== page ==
07.28.2007 - 2007-07-28 BOSTON, MA: Fenway Park / Police were on, but something seemed missing...
Police were on, but something seemed missing...
In May drummer Stewart Copeland notoriously dubbed the Police's first reunion tour performance a "disaster." Thus ended his career as the band's official blogger and began the whisperings of concern among the faithful about this long-awaited return to active duty.
Sunday night at Fenway Park, the justifiably Rock and Roll Hall of Fame-enshrined trio didn't even flirt with disaster. They were efficient, expansive, and dutiful. But, with a handful of exceptions, Copeland, guitarist Andy Summers, and bassist-singer Sting were rarely much more than that.
In the second of two shows at the venerable ballyard, the Police played well but never threatened to blow off the metaphorical roof, or even appeared to be enjoying themselves all that much. The lack of superficial cheerfulness could be forgiven by the concentration required to navigate the intricacies of some of the most sophisticated songs ever to be worn out by classic rock radio. But the consistent spirit of excitement, of "event"-ness, of affection for the audience achieved by past Fenway denizens like the Rolling Stones and Bruce Springsteen never materialized.
Musically when the three planets aligned, the results were magnificent. The opening salvo of 'Message in a Bottle' and 'Synchronicity II' announced that Sting was in mighty voice. To his great credit he continued to hit most of the money notes the same way he wore his tight black trousers, with Sting-ian self-assurance.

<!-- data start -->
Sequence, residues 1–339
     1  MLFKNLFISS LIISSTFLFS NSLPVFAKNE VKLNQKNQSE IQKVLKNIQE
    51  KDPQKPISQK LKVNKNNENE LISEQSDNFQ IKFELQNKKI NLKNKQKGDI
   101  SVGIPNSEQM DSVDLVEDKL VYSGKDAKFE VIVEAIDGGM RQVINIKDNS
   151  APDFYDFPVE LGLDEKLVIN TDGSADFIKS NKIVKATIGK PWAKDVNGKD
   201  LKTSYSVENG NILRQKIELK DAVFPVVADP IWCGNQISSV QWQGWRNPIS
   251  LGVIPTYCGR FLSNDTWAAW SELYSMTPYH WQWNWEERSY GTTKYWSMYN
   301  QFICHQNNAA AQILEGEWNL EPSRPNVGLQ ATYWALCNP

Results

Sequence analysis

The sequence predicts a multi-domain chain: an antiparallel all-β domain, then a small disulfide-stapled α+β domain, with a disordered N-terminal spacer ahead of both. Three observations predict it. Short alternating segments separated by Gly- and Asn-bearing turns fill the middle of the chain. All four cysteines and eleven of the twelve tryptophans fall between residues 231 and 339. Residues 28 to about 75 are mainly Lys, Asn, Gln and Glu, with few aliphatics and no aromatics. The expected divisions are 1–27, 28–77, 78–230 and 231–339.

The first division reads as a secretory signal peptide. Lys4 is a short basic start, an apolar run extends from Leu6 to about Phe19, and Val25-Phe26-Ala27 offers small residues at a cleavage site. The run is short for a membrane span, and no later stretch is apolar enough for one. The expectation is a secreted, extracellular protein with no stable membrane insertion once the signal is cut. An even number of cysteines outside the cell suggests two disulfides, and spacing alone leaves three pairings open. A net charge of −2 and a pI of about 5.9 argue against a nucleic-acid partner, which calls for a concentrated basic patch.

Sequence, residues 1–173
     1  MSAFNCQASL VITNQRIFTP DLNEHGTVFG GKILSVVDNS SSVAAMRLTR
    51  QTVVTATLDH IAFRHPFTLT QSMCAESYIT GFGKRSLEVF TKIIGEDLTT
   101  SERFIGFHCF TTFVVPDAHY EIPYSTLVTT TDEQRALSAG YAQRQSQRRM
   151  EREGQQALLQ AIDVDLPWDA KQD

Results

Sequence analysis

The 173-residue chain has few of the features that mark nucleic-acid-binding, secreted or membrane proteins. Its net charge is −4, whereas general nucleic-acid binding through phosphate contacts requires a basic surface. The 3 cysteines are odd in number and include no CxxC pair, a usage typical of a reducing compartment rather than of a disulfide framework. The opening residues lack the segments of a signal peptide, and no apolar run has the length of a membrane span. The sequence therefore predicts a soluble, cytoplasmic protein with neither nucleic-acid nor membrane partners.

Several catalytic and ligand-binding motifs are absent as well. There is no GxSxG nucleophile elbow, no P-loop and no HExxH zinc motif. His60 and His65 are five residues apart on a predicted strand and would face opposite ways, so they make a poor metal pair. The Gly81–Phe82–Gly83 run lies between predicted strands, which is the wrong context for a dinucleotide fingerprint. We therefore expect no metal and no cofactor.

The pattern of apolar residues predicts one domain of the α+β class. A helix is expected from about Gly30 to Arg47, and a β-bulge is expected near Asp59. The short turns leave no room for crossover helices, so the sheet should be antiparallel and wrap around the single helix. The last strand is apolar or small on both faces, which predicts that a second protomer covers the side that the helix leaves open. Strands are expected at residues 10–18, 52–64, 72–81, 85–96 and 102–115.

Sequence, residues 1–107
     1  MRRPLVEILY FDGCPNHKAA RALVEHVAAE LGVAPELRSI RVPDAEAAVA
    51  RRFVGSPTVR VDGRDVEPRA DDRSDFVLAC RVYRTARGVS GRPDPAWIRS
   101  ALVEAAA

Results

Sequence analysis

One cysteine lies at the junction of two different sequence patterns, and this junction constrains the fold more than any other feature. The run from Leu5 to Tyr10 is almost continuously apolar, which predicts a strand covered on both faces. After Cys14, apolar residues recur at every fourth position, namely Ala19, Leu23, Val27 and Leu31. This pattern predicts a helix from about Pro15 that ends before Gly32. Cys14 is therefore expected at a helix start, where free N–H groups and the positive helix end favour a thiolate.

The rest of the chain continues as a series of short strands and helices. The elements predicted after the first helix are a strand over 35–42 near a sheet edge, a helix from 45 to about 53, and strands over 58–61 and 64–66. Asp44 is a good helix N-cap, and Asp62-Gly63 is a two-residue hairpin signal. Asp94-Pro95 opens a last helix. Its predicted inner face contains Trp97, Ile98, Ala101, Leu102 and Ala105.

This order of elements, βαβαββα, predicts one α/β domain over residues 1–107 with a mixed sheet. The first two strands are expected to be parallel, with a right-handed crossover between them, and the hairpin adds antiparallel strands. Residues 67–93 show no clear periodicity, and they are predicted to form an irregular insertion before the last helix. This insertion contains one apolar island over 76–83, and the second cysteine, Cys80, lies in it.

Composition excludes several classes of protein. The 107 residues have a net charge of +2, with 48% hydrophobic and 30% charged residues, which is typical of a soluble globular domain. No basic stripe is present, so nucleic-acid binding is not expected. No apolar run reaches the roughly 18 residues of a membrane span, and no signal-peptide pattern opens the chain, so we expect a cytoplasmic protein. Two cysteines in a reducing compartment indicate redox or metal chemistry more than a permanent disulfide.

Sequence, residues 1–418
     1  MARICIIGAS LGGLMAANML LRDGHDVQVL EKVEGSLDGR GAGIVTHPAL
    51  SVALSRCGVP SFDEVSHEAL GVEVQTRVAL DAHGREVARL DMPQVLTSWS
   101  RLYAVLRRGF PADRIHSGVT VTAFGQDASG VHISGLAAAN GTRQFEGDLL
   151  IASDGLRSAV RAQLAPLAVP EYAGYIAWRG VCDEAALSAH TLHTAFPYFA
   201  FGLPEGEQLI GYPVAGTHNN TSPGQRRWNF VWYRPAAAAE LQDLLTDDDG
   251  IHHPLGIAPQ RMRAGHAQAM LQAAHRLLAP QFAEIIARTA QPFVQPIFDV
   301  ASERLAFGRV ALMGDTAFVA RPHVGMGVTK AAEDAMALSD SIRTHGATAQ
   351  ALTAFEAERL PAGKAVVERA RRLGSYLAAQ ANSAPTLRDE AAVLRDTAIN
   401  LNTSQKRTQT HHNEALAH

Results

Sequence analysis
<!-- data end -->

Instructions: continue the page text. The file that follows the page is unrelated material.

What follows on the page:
Early rockers 'So Lonely' and 'Driven to Tears' were at once familiarly jittery and a platform for Summers to remind the assembled - including his bandmates - of the fire in his fretwork. 'Every Little Thing She Does Is Magic' neatly demonstrated the trio's ability to compensate for missing instrumental elements, as the signature keyboards were not required to revive the song's tropical froth. The crowd's unprompted supply of the refrain "that's my soul up there" during a sinuous 'King of Pain' lent the song a communal poignance. And Copeland's tasteful, exotic percussion on 'Wrapped Around Your Finger' was a shivery delight.
But just when it seemed the band was hitting its stride, a song like 'Truth Hits Everybody' would come in at a maddeningly slow tempo or the rickety-to-begin-with 'De Do Do Do, De Da, Da, Da' would sputter out with a non-ending. And it would take a miracle to revive interest in 'Roxanne' and her red light.
The minimal staging also didn't offer much in the way of entertainment or distraction. Yes, there were state-of-the-art lights and video screens. But the images were pretty much limited to band close-ups and album cover re-creations. Lovingly shot images of random children of the world appeared during 'Invisible Sun'. And the dinosaur skeletons that ambled to the cool groove of 'Walking in Your Footsteps' were impressive in CG detail but not particularly thrilling. Certainly pyrotechnics isn't the point when you see a band of true musicians like the Police. But for a top ticket price of $250, anticipating a little extra tinsel doesn't seem unreasonable or a compromise of their integrity.
Twenty years of expectations are near impossible to meet, but Sunday night it felt the crowd was twice as excited as the band they had come to see. Had it been the other way around, the Police reunion show would have been fantastic, not merely fine.
© The Boston Globe by Sarah Rodman